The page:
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Fate, får, fall, fåt; mė, mėt; pine or pine, pln; nò, not; óð, as in good , dish capital, may be mentioned the Royal Palace, which has great architectural beauty, and contains a library, a collection of paintings and antiquities; and the Church of Riddarholm, which contains the trophies of Sweden, and in which the Swedish kings and other distinguished persons are buried. Stockholm possesses an academy of sciences, with an observatory and an extensive library; an academy of belles lettres, history and antiquities; a college of mines, with a rich cabinet of natural history; and a great number of other literary and scientific institutions. Lat. 59° 20° 31“ N., Lon. 18° 3' E. Pop. 83,885. (P. C.)

STOCK/-Port, an important manufacturing t. of England, in Cheshire, 6 m. S. E. of Manchester. Pop. of township, 28,431.

STOCK-Tọn, or STOCKTON-ON-Tees, a sea port t. of England, co. of Durham, on the Tees, near its mouth. Lat. 54° 34' N., Lon. 1° 18' W. Pop. of township, 9,825.

STOD -DẠRD, & co. in the S. E. part of Mo., E. of, and bordering on the St. Francis r. Pop. 3,153.

STOKE-UPON-Trent, a parish of England, in Staffordshire, remarkable as the seat of extensive manufactures in earthenware. The town of Stoke is 14 m. N. by W. of Stafford.

STOKES, a co. in the N. W. part of N. C., bordering on Va. Pop. 16,265. Co. t. Germantown.

STONE-HA-VEN, a seaport t. of Scotland, cap. of Kincardineshire, on the German Ocean, 14 m. S. by W. of Aberdeen. Lat. 56° 56' N., Lon. 2° 12' W. Pop. 3,012.

STO-NING-TỌN, a port of entry of Conn., in New London co., on a rocky point of land, which projects into the E. end of Long Island Sound, about 50 miles S. W. of Providence, with which it is connected by a railroad.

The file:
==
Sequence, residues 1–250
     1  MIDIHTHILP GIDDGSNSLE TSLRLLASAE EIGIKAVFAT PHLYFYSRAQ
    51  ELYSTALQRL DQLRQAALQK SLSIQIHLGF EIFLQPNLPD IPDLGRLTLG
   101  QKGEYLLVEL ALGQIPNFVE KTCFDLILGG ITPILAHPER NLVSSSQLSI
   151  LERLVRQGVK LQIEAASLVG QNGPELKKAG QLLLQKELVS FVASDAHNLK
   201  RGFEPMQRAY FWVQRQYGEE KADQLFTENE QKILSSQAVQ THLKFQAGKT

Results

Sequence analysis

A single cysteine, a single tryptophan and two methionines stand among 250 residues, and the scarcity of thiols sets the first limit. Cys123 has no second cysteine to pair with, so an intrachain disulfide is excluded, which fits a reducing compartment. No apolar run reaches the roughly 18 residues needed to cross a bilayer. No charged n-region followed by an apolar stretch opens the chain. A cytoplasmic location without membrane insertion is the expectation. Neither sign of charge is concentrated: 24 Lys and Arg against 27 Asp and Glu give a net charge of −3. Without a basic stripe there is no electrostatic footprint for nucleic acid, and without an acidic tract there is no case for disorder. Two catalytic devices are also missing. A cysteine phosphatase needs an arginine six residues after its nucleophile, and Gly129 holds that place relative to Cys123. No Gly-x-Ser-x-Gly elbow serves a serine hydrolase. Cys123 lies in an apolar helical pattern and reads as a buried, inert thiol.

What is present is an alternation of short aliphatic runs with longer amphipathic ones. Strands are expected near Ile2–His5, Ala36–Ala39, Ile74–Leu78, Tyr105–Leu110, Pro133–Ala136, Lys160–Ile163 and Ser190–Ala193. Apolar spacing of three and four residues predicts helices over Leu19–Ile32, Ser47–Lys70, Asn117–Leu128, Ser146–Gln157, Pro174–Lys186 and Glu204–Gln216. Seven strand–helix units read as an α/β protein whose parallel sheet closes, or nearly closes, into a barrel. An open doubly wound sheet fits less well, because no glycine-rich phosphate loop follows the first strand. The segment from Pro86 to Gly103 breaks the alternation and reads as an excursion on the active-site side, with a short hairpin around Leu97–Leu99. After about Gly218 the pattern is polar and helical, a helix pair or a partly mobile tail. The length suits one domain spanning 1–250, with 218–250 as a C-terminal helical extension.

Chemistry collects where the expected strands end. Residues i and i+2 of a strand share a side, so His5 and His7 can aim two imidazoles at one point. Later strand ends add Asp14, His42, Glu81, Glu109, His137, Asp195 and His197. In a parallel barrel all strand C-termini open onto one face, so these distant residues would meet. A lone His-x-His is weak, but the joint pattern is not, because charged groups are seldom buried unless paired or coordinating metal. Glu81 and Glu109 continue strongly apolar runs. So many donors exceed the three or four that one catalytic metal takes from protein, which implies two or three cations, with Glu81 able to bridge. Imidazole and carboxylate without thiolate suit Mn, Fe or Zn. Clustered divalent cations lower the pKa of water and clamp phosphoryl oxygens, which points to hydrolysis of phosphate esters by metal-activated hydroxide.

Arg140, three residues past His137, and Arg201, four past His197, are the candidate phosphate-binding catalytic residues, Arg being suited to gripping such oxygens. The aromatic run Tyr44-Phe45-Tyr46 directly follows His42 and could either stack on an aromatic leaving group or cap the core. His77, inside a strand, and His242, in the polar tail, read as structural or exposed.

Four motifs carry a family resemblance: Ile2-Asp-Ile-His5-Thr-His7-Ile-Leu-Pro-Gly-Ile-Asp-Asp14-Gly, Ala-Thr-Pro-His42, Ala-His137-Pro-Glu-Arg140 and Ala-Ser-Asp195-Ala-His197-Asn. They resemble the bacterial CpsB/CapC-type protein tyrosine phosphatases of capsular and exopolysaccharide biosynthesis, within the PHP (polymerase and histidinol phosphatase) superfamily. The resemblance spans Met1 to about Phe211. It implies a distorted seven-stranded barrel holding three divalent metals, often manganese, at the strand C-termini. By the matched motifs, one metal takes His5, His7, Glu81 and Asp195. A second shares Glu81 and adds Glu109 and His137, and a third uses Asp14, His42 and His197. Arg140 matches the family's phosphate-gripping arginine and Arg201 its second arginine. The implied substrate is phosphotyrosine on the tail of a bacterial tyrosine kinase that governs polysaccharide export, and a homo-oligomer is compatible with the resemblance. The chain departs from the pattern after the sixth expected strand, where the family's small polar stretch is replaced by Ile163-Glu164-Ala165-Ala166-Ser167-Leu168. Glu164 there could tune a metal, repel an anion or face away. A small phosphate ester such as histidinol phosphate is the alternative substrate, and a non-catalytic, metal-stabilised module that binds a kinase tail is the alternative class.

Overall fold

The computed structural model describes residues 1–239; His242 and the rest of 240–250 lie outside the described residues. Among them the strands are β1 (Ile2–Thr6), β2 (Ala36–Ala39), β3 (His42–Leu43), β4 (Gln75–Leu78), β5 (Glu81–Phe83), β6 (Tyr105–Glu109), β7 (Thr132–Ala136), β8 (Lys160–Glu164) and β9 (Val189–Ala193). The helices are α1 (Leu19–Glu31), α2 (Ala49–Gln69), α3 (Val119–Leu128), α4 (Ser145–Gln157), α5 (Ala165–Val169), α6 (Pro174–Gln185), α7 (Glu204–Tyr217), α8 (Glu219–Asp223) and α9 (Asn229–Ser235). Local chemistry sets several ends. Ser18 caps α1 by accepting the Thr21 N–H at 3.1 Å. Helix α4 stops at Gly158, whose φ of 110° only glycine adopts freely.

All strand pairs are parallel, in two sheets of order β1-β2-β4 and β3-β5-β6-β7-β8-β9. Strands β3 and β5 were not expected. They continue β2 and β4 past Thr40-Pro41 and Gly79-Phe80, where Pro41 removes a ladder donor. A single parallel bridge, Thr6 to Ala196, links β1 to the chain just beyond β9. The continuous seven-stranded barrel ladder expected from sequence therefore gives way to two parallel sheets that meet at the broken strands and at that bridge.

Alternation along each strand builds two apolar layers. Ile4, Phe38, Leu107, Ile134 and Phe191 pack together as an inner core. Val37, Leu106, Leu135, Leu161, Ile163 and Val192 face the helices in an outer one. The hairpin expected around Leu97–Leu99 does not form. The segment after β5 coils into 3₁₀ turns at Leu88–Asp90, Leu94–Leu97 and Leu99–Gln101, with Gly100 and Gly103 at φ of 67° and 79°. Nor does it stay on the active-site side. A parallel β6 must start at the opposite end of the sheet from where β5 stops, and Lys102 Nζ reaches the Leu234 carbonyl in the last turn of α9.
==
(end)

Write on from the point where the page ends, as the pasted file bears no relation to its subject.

STQURU-BRIDGE, a t. of England, in Worcestershire, on the Stour, an affluent of the Severn, 18 m. N. N. E. of Worcester. Pop. 7,481.

STRABANE, strạ-ban), a t. of Ireland, in Tyrone co., 14 m. S. S. W. of Londonderry. Pop. 5.147. (M.)

STRAFI-FORD, a co. in the S. E. part of N. H., on the Salmon Falls r., a branch of the Piscataqua. Pop. 23,166. Co. towns, and Rochester.

STRALSUND, strål/-soont, a manufacturing and commercial t. of Prussia, in Pomerania, cap. of a gov.of the same name, on the narrow strait which separates the i. of Rügen from the continent. The celebrated fortifications of this place have been razed, and the ramparts converted into public walks. (P. C.) Lat. 54° 19' N., Lon. 13° 32 E. Pop. 14,713. (M.)

STRANRAER, stran-rawrl, a small seaport t. of Scotland, at the S. extremity of a small bay called Loch Ryan. Lat. 54° 54' N., Lon. 5° 2 W.

STRASI-BOURG (Fr. pron. Stråss'-boor!; Ger Strassburg, stråss'. bõõrg; Anc. Argentoratum); a strongly-fortified city of France, on its E. frontier, cap. of the dep. of Lower Rhine, and formerly of Alsace, on the Ill, near its confluence with the Rhine. The principal public

ou, as in our; th, as in thin; th, as in this ; n, nearly like ng. building is the Cathedral of Notre Dame (nötr dåm), one of the finest Gothic edifices that exist; its spire rises to the height of 500 or perhaps 530 English ft., being the highest in the world. Strasbourg is one of the most important commercial and manufacturing towns in France. It possesses an académie universitaire (before the French Revolution it had a Protestant university), a royal college, a public library of 50,000 vols. (P. C.),* and many other literary and scientific institutions. The common language of the citizens of Strasbourg is German, but French is spoken by the educated classes. The Observatory is in Lat. 48° 34' 40' N., Lon. 4° 45' 12" E. Pop. 50,000. (B.)